UGANDAN guards in Iraq are to lose $28.8m (sh56.2b) a year following a 40% salary reduction. At least 6,000 guards will have their monthly salary reduced from $1,000 (about sh1.9m) to $600 (about sh1.2m), according to figures from the labour ministry.
UGANDAN guards in Iraq are to lose $28.8m (sh56.2b) a year following a 40% salary reduction.
At least 6,000 guards will have their monthly salary reduced from $1,000 (about sh1.9m) to $600 (about sh1.2m), according to figures from the labour ministry.
Each of them is to lose $400 a month, translating into $28.8m (sh56.2b) for all of them annually.
The guards, mainly recruited by Dreshak Security Group, Askar Security Services and Watertight Security Services, have been forced to sign new contracts. The new terms stipulate that any recruit who demands a pay rise on arrival in Iraq shall be deported.
A labour ministry official dismissed accusations that the ministry pushed for the pay cut. Milton Turyagyenda, the commissioner for external labour, said on Wednesday the ministry approved the cut because â€˜the companies gave satisfactory reasons to justify the pay cut.â€™
â€œIn any business, the price is determined by demand and supply. In 2005 when the first Ugandans were recruited, not many countries were willing to allow their citizens to work in Iraq.
Currently, many other countries have allowed security companies to recruit their citizens. Moreover, there are people who are willing to work for $400 (about sh0.78m),â€ Turyagyenda said.
He stated that the companies informed the ministry of other countries which would provide guards if Ugandans refused $600.
â€œWe allowed the companies to recruit Ugandans to work for $600 after reviewing this situation,â€ Turyagyenda said.
Some guards have recently accused the recruiting agencies of altering contracts and reducing their salaries a few months into the contract.
Dreshak which has close to 3,000 guards in Iraq, was the first company to reduce salaries in June last year. The minister of state for labour, Mwesigwa Rukutana approved the reduction at the request of Dreshak.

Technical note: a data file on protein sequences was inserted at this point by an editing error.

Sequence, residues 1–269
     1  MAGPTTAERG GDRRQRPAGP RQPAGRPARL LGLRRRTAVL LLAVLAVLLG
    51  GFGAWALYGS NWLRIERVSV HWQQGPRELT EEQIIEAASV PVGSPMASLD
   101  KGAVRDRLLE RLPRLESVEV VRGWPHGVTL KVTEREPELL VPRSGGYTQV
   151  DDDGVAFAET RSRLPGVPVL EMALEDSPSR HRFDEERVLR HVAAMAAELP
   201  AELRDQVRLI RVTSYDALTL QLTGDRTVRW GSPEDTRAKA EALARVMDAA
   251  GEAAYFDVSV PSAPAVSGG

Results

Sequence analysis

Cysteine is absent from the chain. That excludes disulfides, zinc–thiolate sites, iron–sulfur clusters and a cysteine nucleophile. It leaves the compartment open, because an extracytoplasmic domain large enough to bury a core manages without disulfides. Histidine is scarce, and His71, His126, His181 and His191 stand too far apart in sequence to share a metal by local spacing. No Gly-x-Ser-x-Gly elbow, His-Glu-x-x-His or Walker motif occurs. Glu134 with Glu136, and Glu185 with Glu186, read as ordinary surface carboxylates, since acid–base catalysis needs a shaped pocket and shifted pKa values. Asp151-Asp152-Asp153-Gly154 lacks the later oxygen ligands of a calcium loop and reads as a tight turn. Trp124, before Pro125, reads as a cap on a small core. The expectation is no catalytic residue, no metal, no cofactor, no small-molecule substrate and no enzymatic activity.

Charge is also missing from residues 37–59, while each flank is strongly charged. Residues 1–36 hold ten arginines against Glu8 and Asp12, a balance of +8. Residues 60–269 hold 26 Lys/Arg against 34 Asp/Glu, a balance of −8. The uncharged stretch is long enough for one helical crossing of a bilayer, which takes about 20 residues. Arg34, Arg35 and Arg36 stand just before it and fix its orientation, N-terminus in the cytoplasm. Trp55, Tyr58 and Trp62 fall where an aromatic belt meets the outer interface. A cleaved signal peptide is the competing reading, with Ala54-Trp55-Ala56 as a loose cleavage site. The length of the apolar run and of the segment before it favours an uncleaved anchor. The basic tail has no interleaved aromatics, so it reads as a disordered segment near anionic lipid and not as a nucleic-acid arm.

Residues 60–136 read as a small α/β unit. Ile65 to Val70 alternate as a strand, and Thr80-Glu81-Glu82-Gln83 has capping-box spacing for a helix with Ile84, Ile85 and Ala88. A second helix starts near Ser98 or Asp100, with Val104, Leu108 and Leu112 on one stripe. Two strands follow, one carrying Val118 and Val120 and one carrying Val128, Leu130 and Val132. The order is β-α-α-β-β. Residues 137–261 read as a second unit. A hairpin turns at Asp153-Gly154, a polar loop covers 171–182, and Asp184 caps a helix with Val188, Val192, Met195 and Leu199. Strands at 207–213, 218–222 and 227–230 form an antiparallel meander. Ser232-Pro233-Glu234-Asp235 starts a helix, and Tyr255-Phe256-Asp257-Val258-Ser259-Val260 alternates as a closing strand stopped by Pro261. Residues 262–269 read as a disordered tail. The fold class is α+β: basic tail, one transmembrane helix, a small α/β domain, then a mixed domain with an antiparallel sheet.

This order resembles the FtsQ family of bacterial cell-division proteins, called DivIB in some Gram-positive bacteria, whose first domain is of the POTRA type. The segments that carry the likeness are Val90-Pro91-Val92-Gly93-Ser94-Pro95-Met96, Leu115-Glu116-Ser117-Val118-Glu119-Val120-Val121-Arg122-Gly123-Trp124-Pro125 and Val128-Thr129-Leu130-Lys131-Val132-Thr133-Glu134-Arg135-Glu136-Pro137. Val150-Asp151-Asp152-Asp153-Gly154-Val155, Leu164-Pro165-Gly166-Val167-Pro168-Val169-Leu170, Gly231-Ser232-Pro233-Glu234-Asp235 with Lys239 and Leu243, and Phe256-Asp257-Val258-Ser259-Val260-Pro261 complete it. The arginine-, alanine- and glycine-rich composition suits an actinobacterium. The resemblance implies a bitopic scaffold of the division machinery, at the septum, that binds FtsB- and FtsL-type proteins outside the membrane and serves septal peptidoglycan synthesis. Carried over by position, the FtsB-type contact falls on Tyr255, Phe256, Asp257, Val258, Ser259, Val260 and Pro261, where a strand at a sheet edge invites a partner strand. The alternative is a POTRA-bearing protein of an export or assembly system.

The recruiting agencies are paid by the main contractor although they charge some money from the recruits for medical check-up and passport fees.
Although the recruits are not taxed, their salaries are a major foreign exchange earner for the country.Â Â
A guard currently on vacation from Baghdad said in July last year, Special Operations Consulting-Security Management Group (SOC-SMG), an American security company threatened to recall anybody who refused to work for $600.
â€œWe had signed contracts of $800 (about sh1.5m), but after four months, we were told that some Philipinos are willing to work for $300 (about sh0.58m). They said they were doing us a favour by by paying us $600,â€ a guard stated.
Dreshak public relations officer, Patience Atuhaire yesterday said the labour supply is overwhelming which prompted the employers to offer more jobs at lower salaries.
â€œThere are so many people that want jobs and we were forced to reduce to $600. Those who did not want this money had a choice of not renewing their contracts,â€ she said.
Dreshak recruits for SOC-SMG while Askar recruits for EODT. Both US companies have tenders to provide private security services in Iraq on behalf of the US government.
Askarâ€™s Managing Director, Kellen Kayonga, said her company was forced to recruit guards at $600 after Dreshak started recruiting for the same amount almost a year ago. She said they had written to the ministry of labour complaining about the reduced salaries.
Kayonga is currently in Iraq to explain to the guards why their salaries were reduced. â€œWe lost business when we refused to reduce the salary to $600 because other companies were willing to recruit at this amount,â€ she stated.
The managing director of Watertight Security, Moses Matsiko said some firms had convinced the US employers that there are Ugandans who are willing to work for $600.
Another source at the ministry of labour said the 40% salary cut was a result of unfair competition between Ugandan companies.
â€œThe local companies write to the US security firms indicating that they can get recruits at lower rates. If a company is recruiting guards for $800, another company writes to the employer saying they can offer the same service for $600. The US firms benefit from the Ugandan confusion,â€ the source said.
A source said most guards accepted the compromise because they possess forged discharge certificates from the army and the Police.
Additional reporting by
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